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Quiet on the Set, Roll Camera, Action!
Photo: SASAK / Valmar Voolaid

Quiet on the Set, Roll Camera, Action! 


A film set is what filmmakers all over the world seek. Unusual film sets attract filmmakers to Malta and Iceland as well as to Estonia. According to Nele Paves, Head of Film Estonia, just a film set is not enough though. Something else is also necessary. And Saaremaa has quite a lot of that ‘something’.

Photo: Movie / "Roukli"
Photo: Movie / “Roukli”

You say Saaremaa, but you mean…
The island air and the island life
Everyone knows that islands have diff erent air, a special feeling, character and beauty. There is simply something in the air. The low junipers, the proud lighthouses, the inviting beaches, the historical places and the cordial people. And, of course, the windmills and manors.

Photo: Movie / "Kertu"
Photo: Movie / “Kertu”

It doesn’t always have to be beautiful
What if we sought horror instead of beauty? Or more precisely, some kind of a peculiar ugliness to balance the beauty. In recent years, horror films have been the greatest trend in the world of film. When we talk about our beautiful nature, we often hear in response: “Yes, it’s just perfect for a horror film.” Err, beg your pardon? Filmmakers are most interested in the derelict military buildings, the eerie primeval forests and the prime examples of ugly architecture that we still have plenty of on the island and that are perfect for shooting horror films.

Time travel is possible
People often ask whether we have internet on the island? We have – it’s fast and everywhere. Even in the forest and by the sea. But besides that, Kuressaare is also home to one of Estonia’s best preserved medieval castles from the 14th century and boasts a baroque-style town hall and a weigh house from the 17th century and a charming Old Town from the 18th century. This makes time travel between the 14th and the 21st centuries possible for everyone. And not every country in the world offers that.

Photo: Movie / "Somnambuul"
Photo: Movie / “Somnambuul”

Ruudi and Roukli
Both the children’s film ‘Ruudi’ and Veiko Õunpuu’s feature film ‘Roukli’ were partly filmed in Saaremaa. As were ‘Somnambulance ’ by Sulev Keedus, and ‘Kertu’ by Ilmar Raag. The list of amazing film sets in Saaremaa is long and diverse, just like the films. Saaremaa is equally suitable for a cute children’s film and a dark drama. Rather, we should ask: what can we not find here? Skyscrapers? True, but we have everything else.

Photo: Movie / "Ruudi"
Photo: Movie / “Ruudi”

You don’t have to get all the jokes
People often ask what languages we speak here. We speak several languages fluently with our guests and our own language with each other. And we have our own jokes. Our greatest treasure is our people. With their own quirks and character in every corner of Estonia. The island people are tough, with a hearty sense of humour while focusing on solutions. And, they speak English!

Foto: Margit Kõrvits
Photo: Margit Kõrvits

Magic on film sets
As we have already said, the islands are magical. Film sets are also often considered magical. Filmmakers love the islands and Saaremaa. Over 60 years, more than 20 Estonian feature films have been shot on the islands.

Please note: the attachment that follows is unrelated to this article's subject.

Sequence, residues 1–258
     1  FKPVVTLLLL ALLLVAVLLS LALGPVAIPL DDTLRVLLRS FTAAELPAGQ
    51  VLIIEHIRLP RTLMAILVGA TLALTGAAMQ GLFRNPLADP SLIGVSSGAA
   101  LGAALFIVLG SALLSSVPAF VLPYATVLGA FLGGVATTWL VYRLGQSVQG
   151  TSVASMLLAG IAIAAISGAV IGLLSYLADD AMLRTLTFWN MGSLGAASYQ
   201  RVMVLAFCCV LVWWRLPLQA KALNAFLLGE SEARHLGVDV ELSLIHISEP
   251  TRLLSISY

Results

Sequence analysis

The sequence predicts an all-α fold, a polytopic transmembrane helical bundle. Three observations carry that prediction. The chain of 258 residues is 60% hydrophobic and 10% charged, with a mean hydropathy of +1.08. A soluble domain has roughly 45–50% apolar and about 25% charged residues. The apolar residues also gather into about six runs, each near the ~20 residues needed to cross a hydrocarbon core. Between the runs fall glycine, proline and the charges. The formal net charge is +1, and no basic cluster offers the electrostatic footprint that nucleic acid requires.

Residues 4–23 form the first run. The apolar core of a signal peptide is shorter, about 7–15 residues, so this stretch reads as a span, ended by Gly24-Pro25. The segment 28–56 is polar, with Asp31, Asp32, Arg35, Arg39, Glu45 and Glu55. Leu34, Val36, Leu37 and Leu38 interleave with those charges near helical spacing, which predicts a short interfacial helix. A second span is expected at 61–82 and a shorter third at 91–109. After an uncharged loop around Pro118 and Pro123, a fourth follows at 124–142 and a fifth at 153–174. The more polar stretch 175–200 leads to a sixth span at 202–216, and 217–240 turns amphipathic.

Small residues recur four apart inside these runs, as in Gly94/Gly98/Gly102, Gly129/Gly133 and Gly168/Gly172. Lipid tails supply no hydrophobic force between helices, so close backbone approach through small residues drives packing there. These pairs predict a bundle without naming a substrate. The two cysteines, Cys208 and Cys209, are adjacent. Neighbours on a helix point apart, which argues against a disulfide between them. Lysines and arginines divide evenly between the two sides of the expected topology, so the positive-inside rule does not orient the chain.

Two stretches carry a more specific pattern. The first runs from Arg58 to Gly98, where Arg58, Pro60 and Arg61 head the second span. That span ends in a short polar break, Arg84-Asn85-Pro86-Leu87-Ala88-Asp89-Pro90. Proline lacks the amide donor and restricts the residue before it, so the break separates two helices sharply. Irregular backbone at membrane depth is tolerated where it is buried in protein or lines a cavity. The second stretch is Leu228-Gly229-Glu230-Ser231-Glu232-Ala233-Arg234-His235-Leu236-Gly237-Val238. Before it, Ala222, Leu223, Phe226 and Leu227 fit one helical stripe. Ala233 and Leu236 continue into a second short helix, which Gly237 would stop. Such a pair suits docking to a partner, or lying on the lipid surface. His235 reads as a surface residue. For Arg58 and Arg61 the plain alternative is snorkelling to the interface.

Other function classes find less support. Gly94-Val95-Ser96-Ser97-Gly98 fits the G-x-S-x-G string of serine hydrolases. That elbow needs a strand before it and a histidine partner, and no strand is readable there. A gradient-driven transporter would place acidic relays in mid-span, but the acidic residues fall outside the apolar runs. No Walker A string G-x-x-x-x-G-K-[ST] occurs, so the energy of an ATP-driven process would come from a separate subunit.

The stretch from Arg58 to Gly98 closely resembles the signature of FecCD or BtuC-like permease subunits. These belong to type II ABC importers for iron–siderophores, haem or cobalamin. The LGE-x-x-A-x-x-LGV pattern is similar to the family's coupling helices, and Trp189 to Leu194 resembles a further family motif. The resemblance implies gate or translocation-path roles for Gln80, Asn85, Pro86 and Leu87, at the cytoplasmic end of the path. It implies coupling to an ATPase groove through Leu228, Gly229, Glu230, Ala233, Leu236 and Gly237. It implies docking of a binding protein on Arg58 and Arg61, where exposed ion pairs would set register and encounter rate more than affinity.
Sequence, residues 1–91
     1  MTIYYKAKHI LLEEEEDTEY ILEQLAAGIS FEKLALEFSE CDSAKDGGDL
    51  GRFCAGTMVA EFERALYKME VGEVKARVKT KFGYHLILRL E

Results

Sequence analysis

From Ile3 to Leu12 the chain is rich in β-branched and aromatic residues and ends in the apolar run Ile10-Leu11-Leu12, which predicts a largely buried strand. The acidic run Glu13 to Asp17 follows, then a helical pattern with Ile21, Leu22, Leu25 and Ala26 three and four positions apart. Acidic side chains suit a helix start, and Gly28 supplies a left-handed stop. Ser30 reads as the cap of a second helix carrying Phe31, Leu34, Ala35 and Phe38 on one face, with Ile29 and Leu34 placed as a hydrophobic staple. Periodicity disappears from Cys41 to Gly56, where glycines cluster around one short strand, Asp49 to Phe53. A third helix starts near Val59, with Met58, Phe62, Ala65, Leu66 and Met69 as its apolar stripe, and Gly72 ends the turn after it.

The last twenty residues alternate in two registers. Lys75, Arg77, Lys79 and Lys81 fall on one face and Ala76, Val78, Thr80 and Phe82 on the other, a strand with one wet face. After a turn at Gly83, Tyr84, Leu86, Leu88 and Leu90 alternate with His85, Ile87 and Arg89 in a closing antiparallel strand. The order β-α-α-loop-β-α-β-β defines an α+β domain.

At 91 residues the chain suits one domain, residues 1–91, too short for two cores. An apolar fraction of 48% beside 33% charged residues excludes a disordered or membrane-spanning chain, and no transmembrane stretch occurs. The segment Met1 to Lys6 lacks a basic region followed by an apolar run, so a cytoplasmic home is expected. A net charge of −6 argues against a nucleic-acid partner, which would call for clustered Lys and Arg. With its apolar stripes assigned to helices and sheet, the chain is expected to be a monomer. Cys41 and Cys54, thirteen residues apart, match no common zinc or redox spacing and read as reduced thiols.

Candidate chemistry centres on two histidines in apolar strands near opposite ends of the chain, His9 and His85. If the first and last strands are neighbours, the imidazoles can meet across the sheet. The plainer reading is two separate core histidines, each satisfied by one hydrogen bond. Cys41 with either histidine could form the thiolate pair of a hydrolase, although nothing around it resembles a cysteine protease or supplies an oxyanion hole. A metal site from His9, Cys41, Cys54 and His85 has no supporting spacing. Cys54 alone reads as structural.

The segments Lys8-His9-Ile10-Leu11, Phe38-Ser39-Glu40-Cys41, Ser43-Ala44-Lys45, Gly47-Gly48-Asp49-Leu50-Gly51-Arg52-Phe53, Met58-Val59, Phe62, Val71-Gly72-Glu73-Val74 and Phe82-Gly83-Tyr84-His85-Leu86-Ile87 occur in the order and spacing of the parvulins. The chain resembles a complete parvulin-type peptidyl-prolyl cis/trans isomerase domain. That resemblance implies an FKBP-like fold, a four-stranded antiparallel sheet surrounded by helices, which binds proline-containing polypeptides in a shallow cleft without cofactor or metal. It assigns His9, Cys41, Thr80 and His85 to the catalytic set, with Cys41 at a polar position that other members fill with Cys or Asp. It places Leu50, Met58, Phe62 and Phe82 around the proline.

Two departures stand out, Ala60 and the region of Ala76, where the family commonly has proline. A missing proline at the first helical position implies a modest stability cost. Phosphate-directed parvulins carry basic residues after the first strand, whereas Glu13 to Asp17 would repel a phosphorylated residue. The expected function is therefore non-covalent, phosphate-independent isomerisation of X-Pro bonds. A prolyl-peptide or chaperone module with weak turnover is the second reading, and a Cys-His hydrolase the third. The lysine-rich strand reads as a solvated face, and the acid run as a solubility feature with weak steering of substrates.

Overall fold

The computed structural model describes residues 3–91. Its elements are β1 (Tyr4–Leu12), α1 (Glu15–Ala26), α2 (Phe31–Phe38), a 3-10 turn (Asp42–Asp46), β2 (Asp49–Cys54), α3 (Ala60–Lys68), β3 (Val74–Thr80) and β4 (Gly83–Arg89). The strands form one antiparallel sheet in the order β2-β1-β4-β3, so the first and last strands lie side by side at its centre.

The Apothecary Melchior trilogy, which will soon hit the cinemas, was also partly shot in the medieval setting of the beautiful one-of-a-kind castle in Saaremaa.

Oysters and eel soup
Is there good food to fill your stomach? One thing that filmmakers hope to find near their film set is good food. And our food is good. There are restaurants to suit every taste on Saaremaa and Muhu, as can be seen by the abundance of White Guide recognitions. Saaremaa people proudly off er local produce to their guests both in the markets and in stores.

Tip – look for products marked ‘Ehtne Saaremaa’  “(Authentic Saaremaa)”.

Always good weather. Or nearly always
And we cannot get past the weather. Most often, people ask whether we can guarantee there’ll be snow in Estonia. No one can guarantee snow anywhere. Saaremaa, however, has the most sunny days in the whole of Estonia. The climate on the islands is defi nitely special and the sun does shine extraordinarily often. And in summer, the nights are so light that we hardly believe it ourselves.

Foto: Margit Kõrvits
Photo: Margit Kõrvits

But the best thing is to ask a true Saaremaa islander why a fi lmmaker or, for that matter, any other person should come here?

Mikk Rand: An Islander, initiator of the Film Fund of Estonian Islands

“The best things for visualising the char- acteristic island scenery are naturally the islets and sandbanks with their low junipers or reed banks. Filmmakers could even stage grand and magnifi cent spectacles in the model testing pool at the Small Craft Com- petence Centre in Kuressaare.

Dead-end villages surrounded by stone walls can provide a quaint island back- ground or, in places, the feeling of a British fi lm set, contrasted by the rather apoca- lyptic technical industrial yards spread out at the edge of Kuressaare. For those who love something romantic, the singing sand on the beaches here in the middle of sum- mer are far better than those of the Medi- terranean. And last but not least – to convey the glo- bal potential, the swamps of Central Siberia could also be fi lmed here, as we have many swamps and bogs, as well as Nordic tundra during winter. In the end, it’s a matter of adopting a creative approach.”

Find out more:

Photo: SASAK / Valmar Voolaid
Photo: SASAK / Valmar Voolaid
Photo: SASAK / Valmar Voolaid
Photo: SASAK / Valmar Voolaid
Photo: SASAK / Valmar Voolaid
Photo: SASAK / Valmar Voolaid
Photo: SASAK / Valmar Voolaid
Photo: SASAK / Valmar Voolaid

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